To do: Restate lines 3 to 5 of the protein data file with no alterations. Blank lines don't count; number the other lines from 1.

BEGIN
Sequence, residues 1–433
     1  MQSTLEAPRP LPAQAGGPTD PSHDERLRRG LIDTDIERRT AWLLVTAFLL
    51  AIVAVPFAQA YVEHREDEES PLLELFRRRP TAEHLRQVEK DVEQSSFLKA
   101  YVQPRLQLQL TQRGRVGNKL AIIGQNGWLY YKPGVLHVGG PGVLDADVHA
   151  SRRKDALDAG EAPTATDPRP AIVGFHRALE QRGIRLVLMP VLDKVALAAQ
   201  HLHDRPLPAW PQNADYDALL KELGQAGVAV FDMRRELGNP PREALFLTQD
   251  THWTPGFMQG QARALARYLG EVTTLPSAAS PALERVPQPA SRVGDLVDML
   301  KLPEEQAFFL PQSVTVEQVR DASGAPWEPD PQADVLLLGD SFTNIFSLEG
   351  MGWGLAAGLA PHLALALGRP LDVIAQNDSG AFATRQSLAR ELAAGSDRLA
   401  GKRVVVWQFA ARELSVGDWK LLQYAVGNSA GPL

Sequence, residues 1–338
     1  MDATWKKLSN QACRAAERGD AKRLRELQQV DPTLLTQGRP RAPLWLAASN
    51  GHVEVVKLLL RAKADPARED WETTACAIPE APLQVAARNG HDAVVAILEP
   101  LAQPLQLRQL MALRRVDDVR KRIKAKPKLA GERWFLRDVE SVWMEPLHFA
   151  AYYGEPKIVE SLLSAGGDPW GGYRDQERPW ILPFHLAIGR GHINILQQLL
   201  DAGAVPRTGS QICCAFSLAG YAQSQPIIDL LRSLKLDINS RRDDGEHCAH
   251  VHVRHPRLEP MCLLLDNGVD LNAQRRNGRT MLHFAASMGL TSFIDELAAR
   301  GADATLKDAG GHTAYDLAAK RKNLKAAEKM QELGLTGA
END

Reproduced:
    51  AIVAVPFAQA YVEHREDEES PLLELFRRRP TAEHLRQVEK DVEQSSFLKA
   101  YVQPRLQLQL TQRGRVGNKL AIIGQNGWLY YKPGVLHVGG PGVLDADVHA
   151  SRRKDALDAG EAPTATDPRP AIVGFHRALE QRGIRLVLMP VLDKVALAAQ